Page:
++
 Subscriber 
++
 
 + psubscribe():void ++
   PubSub 
++ +++
^

+++
 Publisher 
++
 
 + calculateNextTTL():int 
 + onPMessage():void 
 + dispatchCrawler():boolean 
 
++
This post was kindly contributed by Software & Service  go there to comment and to read the full post. 
The algorithmic pricing is an exciting new area, and it combines engineering and mathematics. Chen’s paper has introduced the algorithmic pricing on Amazon Marketplace. This post is to discuss the implementation of an algorithmic pricing based on Redis from the perspective of the sellers.
The overall infrastructure may include three parts.
Amazon most time allows a crawler running 1 QPS/IP. But all the data centers and all ASINs from the seller and his competitors have to be closely watched. So a distributed approach will be safer. The response time will be crucial to decide which one is the winner within the game. In a common chasing diagram below, clearly Seller 1 has the upper hand and Seller 2 is losing the group, since the crawler from Seller 1 is faster.
The embedded algorithm will have two purposes
The computed price will enter Amazon and become effective. Amazon will rank lower for the sellers whom he thinks doing algorithmic pricing. Sometimes Amazon even bans the seller. So don’t let Amazon to find that a computer is manipulating its APIs. To emulate human’s behavior on a browser, the two options are phantom.js and headless Chrome.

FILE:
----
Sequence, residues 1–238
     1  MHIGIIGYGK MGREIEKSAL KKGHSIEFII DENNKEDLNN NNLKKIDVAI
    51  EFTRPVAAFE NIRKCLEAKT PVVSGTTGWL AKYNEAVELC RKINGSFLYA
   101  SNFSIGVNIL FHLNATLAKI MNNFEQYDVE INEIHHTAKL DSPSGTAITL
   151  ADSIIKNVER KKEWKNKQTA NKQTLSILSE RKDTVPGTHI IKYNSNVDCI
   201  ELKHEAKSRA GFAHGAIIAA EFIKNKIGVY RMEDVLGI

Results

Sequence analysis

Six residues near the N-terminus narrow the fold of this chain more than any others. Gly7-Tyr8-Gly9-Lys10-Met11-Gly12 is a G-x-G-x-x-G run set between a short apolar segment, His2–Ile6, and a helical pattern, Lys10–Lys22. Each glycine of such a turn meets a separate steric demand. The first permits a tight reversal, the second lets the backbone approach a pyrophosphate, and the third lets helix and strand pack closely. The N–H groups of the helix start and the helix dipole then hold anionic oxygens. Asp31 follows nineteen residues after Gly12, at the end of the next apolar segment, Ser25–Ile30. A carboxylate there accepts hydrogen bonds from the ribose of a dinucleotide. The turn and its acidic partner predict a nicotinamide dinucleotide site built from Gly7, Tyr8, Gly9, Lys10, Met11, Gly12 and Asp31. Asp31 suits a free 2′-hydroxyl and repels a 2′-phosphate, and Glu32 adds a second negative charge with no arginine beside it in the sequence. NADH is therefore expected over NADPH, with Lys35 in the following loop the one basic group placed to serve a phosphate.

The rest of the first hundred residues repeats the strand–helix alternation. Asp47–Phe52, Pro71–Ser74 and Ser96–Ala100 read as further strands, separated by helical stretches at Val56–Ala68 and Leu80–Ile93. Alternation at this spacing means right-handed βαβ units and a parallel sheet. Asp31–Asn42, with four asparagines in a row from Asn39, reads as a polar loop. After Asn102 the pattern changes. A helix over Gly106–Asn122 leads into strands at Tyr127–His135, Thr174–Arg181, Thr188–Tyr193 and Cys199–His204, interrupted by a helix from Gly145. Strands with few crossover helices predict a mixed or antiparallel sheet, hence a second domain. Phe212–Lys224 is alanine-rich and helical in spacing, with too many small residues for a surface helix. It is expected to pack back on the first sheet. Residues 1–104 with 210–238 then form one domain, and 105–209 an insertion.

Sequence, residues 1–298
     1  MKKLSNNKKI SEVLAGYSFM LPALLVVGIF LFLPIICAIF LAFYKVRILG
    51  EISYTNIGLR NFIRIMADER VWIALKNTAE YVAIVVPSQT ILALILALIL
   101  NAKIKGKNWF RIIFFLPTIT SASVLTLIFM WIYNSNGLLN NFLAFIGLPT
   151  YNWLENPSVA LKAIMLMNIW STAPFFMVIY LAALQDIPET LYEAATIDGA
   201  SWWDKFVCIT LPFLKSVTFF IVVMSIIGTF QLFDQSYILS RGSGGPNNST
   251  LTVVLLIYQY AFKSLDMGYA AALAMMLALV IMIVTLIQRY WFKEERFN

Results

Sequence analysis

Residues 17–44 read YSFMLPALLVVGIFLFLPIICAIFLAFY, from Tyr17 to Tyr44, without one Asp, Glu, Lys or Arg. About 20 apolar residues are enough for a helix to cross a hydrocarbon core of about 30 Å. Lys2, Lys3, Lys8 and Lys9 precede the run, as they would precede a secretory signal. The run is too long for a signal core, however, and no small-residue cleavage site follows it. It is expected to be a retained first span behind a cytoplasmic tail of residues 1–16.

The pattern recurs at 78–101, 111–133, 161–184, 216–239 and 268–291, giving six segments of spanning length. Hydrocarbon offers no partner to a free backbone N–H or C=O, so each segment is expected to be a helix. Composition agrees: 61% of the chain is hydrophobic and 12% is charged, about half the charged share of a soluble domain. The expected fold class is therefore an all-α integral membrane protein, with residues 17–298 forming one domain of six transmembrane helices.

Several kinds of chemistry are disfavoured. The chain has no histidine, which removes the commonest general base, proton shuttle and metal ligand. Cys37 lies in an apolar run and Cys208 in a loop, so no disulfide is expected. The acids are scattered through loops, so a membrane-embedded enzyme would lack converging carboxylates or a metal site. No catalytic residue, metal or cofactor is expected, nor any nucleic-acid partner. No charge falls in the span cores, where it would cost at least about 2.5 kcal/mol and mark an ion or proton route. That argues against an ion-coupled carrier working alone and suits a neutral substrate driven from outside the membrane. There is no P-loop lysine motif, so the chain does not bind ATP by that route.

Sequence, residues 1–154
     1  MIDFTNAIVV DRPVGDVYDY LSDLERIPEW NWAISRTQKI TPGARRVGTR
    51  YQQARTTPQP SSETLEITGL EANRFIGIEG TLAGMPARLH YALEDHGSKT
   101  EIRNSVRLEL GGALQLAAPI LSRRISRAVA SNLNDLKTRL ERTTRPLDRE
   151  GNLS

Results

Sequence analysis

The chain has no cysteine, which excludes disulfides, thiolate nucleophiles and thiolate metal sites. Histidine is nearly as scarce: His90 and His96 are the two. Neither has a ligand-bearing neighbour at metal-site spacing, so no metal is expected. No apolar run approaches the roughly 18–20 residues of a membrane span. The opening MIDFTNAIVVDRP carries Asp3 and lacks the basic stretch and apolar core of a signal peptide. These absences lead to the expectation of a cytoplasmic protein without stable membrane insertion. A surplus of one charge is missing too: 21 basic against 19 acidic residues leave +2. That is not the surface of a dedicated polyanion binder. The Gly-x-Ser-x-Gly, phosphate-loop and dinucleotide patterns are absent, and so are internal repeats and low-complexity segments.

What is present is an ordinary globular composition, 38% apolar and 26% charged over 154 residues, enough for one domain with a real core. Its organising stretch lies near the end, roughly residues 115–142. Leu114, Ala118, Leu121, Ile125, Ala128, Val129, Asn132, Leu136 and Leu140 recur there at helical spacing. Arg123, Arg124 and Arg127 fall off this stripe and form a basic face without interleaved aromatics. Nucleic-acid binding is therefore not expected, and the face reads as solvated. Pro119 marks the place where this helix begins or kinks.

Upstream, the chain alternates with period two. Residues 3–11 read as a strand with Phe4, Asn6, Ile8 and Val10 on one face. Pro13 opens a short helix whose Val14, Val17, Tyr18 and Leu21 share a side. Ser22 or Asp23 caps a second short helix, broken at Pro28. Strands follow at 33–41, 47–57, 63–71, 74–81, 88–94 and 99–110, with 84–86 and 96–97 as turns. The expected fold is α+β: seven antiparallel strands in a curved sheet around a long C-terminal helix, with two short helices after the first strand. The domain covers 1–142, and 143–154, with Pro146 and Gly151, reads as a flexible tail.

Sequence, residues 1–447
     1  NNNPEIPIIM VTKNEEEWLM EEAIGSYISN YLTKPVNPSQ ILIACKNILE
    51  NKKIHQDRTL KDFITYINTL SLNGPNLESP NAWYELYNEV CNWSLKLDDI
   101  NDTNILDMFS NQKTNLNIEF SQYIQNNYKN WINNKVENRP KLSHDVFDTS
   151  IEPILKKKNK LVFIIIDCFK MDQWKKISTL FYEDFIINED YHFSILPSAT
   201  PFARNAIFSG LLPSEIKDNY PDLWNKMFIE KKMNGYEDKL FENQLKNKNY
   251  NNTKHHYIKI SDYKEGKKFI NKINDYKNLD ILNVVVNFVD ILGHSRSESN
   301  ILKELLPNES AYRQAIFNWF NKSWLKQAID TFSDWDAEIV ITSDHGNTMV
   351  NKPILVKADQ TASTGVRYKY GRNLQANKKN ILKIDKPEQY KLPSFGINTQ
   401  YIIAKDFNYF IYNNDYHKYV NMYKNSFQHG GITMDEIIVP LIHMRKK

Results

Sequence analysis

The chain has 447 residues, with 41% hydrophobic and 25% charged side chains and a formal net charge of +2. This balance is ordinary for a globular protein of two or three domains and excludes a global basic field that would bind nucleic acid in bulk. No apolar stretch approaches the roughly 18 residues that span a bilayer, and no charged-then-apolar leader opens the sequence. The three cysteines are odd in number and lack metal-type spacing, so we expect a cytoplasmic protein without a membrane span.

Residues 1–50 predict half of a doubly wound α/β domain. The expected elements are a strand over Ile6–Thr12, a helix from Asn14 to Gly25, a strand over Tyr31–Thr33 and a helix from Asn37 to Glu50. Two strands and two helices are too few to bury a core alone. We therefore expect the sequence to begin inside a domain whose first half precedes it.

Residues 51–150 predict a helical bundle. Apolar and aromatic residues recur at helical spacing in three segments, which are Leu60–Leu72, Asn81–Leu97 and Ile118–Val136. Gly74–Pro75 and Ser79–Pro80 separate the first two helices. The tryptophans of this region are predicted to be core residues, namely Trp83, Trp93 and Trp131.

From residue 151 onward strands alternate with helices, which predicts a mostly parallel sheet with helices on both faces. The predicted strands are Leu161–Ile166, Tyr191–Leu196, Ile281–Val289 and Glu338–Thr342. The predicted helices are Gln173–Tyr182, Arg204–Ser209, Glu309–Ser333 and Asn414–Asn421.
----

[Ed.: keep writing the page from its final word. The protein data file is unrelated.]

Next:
Redis is a inmemory data store, which supports persistence and sharding. The first usage for this algorithmic pricing engine is that it can be used as a centralized task scheduler for the crawlers. Besides that, some other interesting fields in algorithmic pricing could be explored and utilized with Redis.
Redis as a cache has support for TTL(time to live). With the accumulation of the data, the competitors’ price changing time could be predicted. In the publishersubscriber model, each time the predicted duration for next price changing can be inputted as an expiring key with TTL. Once the key expires, the publisher dispatches a crawling task and makes the price adjustment. The good thing for this approach is that the crawlers don’t need to tap a single web page from Amazon every second that brings the risk of being banned.
++
 Subscriber 
++
 
 + psubscribe():void ++
   PubSub 
++ +++
^

+++
 Publisher 
++
 
 + calculateNextTTL():int 
 + onPMessage():void 
 + dispatchCrawler():boolean 
 
++
The synchronization mechanism across the data centers costs time sometimes hours. That is the reason why we see different prices at different IPs of Amazon at the same time. People will also have different purchasing behavior pattern at different time. Since a seller has the option to change price at a specified data center with IP instead of domain name, it will be an interesting topic to utilize the cool down time for the price to spread to the overall network and make a hedging. Redis’ capacity to keep all prices as hashes in memory will be helpful to spot those valuable occasions.
This post was kindly contributed by Software & Service  go there to comment and to read the full post.